The 2015 election is gradually getting close and Nigerians continue to indicate their interest through various political platforms. Obaro Rasak Idowu, an aspirant vying for a seat in the Edo State House of assembly, in this interview with Evelyn Okakwu, spoke on his aspirations and the perceived fallout of the 2015 election.
What motivates your interest in politics?
The quality of the lives of people in my local government area, Akoko-Edo LGA was created alongside Etsako and Owan local government areas. As we speak, Isako and Onwa have both given birth to 2 other LGAs making them 3. Unfortunately, Akoko-Edo is still as it was since over three decades when I was a child. In the 60s when my late uncle, Hon. Francis Lawanson was a political leader, then under the Bendel State House of assembly. He gave a lot of scholarships to Edo State indigenes, but such is no longer the case. Rather what we see is an unfortunate situation where leaders engage in various corruption and embezzlement of funds. Also the people, of my LGA, as a result of the present lack of developmental policies do not know each other; it has had its effects on the security of the people which I hope to change, if I become a member of the state House of assembly.
It is alleged that the Edo State government has had its fair share of praises and criticisms. Do you think the APC will retain the governorship seat after the next election?
I would like to tell you that the Edo State government is not in any way threatened. Yes I know that the government of Edo State has had its own problems and no administration goes without experiencing challenges. The APC government, through which the present Edo State is been led, has relatively done enough to win the confidence of the citizens. I am optimistic that the elections for the seat of the governor will favour the APC, during the next election. People may complain, it’s very difficult to please a whole lot of people. But I can assure you that this administration has done enough to win the support of the people in the next election. I schooled in Awchi polytechnic for example. And I can confidently tell you that Oshiomole’s administration has totally transformed that area. Many roads that were completely none passable have now become international standard. There other areas, a lot more evidences that any Edo State indigene would point honesty at.
What’s your take on the action of politicians who move from one party to the other?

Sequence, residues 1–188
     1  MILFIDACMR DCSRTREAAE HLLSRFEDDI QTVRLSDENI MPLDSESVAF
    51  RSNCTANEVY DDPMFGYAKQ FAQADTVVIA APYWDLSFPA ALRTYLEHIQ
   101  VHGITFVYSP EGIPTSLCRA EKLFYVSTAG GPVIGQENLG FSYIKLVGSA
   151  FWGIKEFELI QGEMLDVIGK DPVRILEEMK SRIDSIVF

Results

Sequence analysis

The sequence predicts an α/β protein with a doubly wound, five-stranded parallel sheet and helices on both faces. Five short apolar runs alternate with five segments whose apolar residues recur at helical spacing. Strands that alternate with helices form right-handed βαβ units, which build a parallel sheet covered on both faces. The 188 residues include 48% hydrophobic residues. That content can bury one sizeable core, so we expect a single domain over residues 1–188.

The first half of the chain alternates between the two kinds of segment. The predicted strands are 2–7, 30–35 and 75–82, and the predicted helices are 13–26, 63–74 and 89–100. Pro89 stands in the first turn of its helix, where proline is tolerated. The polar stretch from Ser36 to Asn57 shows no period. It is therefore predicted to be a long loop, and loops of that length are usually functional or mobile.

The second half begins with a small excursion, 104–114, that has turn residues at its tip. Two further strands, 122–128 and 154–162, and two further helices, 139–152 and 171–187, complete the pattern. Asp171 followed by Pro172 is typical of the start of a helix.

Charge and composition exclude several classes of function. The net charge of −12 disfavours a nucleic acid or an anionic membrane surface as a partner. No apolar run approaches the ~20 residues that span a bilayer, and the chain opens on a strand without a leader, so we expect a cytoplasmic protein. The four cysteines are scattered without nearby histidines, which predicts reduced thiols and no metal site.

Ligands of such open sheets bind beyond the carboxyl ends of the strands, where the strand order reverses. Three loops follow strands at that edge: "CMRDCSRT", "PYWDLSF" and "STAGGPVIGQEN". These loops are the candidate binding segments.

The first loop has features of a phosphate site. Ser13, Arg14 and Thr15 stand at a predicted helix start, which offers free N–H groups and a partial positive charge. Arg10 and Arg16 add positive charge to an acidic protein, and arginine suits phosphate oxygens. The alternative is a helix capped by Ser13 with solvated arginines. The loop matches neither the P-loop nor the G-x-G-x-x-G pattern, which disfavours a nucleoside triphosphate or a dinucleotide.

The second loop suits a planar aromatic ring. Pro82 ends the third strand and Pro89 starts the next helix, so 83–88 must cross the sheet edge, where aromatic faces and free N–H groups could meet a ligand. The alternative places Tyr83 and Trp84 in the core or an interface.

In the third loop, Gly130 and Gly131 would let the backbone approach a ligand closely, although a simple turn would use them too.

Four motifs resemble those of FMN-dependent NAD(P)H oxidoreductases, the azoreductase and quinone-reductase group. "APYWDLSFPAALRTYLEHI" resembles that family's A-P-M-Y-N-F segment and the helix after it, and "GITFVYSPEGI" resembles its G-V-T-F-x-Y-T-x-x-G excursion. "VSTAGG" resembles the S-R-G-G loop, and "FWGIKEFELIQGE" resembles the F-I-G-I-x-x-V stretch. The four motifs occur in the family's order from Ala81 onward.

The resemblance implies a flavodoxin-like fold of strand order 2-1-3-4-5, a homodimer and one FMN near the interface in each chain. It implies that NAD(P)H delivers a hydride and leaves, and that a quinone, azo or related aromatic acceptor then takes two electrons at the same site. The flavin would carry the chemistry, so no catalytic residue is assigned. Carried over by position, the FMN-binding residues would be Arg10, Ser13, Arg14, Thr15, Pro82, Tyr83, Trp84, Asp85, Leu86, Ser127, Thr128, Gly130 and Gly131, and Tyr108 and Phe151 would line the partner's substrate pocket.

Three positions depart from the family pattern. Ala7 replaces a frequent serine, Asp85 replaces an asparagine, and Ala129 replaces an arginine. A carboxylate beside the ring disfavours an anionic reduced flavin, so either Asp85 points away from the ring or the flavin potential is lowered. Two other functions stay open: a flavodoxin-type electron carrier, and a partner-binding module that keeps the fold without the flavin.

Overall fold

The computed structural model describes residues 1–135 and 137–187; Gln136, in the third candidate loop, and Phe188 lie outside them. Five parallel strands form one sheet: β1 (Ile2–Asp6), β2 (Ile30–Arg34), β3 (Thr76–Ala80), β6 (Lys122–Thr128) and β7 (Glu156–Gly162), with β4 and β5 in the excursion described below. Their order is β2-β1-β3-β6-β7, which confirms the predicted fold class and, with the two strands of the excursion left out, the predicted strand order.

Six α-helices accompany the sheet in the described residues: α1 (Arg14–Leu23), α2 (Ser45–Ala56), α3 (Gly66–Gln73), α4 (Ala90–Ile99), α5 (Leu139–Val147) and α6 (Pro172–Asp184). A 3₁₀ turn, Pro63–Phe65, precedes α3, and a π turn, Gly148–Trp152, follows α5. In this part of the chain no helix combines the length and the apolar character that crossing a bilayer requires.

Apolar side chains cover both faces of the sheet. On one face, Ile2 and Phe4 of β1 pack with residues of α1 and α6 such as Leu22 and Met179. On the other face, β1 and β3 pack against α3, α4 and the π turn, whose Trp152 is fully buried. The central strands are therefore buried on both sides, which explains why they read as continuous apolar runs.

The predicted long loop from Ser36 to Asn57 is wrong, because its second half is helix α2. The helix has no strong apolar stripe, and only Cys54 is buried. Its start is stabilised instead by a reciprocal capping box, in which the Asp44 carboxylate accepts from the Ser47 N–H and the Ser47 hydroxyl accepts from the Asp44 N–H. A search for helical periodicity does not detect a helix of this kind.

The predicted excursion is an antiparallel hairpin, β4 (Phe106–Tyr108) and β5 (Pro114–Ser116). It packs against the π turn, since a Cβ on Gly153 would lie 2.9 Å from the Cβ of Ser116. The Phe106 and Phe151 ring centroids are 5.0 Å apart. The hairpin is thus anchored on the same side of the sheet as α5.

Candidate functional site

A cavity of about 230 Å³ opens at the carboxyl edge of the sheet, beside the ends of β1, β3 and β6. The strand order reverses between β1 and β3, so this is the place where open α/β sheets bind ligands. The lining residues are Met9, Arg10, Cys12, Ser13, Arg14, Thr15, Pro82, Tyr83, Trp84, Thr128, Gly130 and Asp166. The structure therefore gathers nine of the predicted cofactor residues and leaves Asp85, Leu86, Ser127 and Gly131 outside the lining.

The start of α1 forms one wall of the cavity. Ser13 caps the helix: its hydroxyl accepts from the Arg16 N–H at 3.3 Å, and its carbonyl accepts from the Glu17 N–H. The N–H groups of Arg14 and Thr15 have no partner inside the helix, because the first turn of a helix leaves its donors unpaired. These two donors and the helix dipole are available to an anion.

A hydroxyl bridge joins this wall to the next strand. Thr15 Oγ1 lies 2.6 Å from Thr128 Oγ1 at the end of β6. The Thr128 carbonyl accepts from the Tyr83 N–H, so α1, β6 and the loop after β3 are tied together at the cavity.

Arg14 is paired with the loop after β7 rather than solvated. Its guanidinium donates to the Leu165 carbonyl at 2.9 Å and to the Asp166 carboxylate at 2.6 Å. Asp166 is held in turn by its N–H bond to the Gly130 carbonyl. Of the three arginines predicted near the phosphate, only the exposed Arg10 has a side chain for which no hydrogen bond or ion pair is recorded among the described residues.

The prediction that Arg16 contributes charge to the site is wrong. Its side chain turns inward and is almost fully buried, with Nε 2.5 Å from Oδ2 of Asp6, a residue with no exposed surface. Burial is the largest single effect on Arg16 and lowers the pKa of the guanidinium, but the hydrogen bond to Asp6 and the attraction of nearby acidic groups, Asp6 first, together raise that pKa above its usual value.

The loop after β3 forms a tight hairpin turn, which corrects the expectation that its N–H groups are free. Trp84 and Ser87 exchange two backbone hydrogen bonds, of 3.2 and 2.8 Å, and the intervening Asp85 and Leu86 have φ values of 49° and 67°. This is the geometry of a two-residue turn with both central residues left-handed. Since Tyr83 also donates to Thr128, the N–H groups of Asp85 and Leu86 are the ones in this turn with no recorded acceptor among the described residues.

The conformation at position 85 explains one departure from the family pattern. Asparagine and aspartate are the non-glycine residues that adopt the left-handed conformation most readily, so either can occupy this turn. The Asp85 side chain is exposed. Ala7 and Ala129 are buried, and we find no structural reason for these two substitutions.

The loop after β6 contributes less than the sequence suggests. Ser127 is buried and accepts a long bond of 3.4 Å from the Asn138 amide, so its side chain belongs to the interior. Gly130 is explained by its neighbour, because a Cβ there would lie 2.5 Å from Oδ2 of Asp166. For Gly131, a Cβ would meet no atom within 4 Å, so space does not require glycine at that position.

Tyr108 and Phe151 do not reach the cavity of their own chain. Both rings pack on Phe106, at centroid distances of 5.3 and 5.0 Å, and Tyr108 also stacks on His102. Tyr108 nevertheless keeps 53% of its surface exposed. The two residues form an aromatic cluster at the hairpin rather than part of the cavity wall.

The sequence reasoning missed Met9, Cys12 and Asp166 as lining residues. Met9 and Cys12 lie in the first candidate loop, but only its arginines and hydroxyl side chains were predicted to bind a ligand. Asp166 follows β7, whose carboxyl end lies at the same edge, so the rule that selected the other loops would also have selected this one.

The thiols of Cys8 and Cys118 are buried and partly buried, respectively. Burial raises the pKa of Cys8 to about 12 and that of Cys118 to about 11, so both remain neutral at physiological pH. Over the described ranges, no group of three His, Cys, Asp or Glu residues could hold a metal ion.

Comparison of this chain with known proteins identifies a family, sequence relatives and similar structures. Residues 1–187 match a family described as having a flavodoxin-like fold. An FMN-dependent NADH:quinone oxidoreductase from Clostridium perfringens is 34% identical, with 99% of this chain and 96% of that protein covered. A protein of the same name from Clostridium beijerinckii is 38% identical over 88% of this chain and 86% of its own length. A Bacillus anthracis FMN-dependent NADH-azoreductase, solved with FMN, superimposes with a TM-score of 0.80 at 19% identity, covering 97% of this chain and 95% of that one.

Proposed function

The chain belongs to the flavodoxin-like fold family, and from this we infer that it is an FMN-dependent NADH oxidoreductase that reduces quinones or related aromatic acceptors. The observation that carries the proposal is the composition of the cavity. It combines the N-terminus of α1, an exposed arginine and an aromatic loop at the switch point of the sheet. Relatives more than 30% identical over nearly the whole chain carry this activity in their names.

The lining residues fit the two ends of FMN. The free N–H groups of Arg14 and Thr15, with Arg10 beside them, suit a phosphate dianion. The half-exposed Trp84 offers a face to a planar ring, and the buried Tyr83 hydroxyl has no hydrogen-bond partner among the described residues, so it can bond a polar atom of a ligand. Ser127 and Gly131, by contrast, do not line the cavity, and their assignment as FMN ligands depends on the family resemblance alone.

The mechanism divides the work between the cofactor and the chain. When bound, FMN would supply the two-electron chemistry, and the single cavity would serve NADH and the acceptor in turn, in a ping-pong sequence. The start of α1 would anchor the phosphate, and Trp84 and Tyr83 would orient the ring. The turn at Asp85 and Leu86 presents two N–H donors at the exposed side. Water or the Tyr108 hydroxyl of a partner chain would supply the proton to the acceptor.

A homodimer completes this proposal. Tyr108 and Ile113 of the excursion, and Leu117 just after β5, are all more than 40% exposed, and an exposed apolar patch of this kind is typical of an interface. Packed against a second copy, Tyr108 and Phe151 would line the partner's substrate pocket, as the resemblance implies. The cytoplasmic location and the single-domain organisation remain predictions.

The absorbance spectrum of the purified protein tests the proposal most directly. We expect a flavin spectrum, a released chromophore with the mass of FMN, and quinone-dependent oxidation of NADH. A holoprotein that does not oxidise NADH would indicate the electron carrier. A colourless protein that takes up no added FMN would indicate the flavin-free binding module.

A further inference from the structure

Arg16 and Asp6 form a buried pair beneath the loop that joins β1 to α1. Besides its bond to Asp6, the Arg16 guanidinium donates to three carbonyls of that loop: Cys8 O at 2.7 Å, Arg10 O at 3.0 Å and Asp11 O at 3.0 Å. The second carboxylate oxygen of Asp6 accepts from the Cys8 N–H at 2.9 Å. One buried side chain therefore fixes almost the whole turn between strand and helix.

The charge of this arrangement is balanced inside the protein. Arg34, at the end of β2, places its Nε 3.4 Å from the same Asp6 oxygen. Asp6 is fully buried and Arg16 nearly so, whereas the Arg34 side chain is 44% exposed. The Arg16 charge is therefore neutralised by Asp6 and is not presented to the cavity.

Politics is a game. When you want to vie for a position as a politician, you have to access the party under whose platform you are appearing. Take the case of the present Edo State governor for example, he began under the platform of the Labour Party, and he realized at a point that the Labour Party would not meet his political ambition, thus he decided to move to the then AC, through which he won the election for the seat of the Edo State Governor. So politics is naturally like that.
What do you think the Nigerian political atmosphere will look like come 2015, particularly after the results might have been announced?
I believe that the political atmosphere in Nigeria is such that there will be peace after the election results are announced. What is happening at the moment in the political scene, which some people refer to as the blame game is the usual Nigerian attitude. Politicians in Nigeria have a way of getting at each other with the mistakes of one another. Take the instance you gave about the pages of papers bought to buttress the mistakes of the president. The APC members capitalized on the accepted role of a father and his obligations. A father is supposed to be there for his family. When a thing as unfortunate as the Nyanya blast occurs, he should be careful enough to show remorse. But what did this president do? He was found partying the very following day; that was wrong. Then the method of showcasing that detail may have had its own political undertone as some may say, but that’s politics. It’s naturally a game of criticisms. But I can assure you that all will be well, after the election. Nigerians are a happy people, irrespective of what they face. So I believe that all will be well.